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  • Objective: Select and use appropriate units to measure length, weight, capacity, and temperature, both standard and metric.
    • To build this skill, give your child access to measuring tools such as a ruler, measuring tape, measuring cup, scale, and thermometer. Help them practice these measurements and have conversation on why these measurements are important in everyday life. For example, knowing how to read a thermometer can help decide what clothes to wear to school each day.
    • To extend this skill, practice comparing the measurement of items. For example, the weight of an apple is greater than the weight of a grape. One quart holds more water than one cup. One foot is longer than three inches.
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  • Objective: Identify two-dimensional and three-dimensional shapes.
    • To build this skill, go on a scavenger hunt around your house for two and three dimensional figures. Focus on two-dimensional figures with three sides (triangles) and four sides (quadrilaterals.) Focus on three-dimensional figures such as cubes, rectangular prisms, cones, spheres, and cylinders.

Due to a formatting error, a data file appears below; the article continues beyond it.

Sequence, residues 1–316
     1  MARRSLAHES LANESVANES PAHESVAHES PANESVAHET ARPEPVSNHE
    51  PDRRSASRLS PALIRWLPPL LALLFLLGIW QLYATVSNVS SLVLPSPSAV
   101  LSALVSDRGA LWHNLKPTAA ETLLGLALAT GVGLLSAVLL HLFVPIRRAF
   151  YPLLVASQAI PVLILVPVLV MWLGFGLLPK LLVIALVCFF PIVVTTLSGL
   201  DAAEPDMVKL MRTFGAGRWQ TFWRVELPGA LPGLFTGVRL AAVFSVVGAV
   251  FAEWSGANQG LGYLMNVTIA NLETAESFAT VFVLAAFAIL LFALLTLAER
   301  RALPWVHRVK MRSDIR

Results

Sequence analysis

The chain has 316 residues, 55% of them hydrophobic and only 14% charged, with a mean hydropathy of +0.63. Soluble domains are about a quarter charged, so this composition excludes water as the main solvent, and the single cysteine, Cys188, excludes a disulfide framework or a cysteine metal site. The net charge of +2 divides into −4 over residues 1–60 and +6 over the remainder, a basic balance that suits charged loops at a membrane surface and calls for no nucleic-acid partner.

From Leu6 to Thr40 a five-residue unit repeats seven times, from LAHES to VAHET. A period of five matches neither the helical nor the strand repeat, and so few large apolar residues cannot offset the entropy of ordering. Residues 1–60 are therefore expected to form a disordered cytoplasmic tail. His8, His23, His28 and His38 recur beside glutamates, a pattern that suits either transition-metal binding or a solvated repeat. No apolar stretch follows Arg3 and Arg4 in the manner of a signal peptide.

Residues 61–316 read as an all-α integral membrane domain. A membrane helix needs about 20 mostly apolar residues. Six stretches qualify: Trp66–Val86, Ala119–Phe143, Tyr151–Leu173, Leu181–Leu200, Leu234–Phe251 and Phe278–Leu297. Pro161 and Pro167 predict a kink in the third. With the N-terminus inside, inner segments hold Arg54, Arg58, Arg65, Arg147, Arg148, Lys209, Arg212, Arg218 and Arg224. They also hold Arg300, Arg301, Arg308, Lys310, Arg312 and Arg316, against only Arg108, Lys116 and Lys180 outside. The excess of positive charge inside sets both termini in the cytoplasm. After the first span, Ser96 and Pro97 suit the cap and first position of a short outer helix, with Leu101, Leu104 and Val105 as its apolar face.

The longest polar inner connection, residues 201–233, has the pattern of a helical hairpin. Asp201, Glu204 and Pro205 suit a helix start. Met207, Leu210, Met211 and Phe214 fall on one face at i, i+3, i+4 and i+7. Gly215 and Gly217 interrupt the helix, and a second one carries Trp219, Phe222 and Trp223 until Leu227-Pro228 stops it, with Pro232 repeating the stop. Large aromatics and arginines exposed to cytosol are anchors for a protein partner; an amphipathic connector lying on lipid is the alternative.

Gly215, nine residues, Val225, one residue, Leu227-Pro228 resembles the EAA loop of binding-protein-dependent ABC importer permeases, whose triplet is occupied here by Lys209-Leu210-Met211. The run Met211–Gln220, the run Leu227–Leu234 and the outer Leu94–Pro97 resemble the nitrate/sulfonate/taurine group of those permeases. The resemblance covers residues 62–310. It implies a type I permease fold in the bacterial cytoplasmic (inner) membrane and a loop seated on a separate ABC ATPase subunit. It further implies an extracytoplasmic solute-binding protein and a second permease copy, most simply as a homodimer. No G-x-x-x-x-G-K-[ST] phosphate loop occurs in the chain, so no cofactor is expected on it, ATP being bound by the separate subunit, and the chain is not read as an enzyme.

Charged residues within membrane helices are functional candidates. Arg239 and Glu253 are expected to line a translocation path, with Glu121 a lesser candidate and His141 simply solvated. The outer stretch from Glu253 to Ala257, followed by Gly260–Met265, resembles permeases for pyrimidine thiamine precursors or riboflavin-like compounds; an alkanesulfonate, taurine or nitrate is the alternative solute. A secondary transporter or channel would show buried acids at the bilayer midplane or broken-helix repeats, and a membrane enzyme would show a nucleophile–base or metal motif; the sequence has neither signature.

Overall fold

• To extend this skill, focus on two-dimensional shapes with five sides (pentagon), six sides (hexagon), seven sides (heptagon), eight sides (octagon), nine sides (nonagon), and ten sides (decagon).
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  • Objective: Represent, compare, and explain halves, thirds, quarters, and eighths.
    • To build this skill, remember that fractions are equal parts of a whole. Discussions about fractions can take place using food (such as evenly cutting brownies, pizza, or chocolate bars) or even money (such as ½ of a dollar).
    • To extend this skill, students can compare fractions using inequality symbols (>,<,=) and explain their reasoning.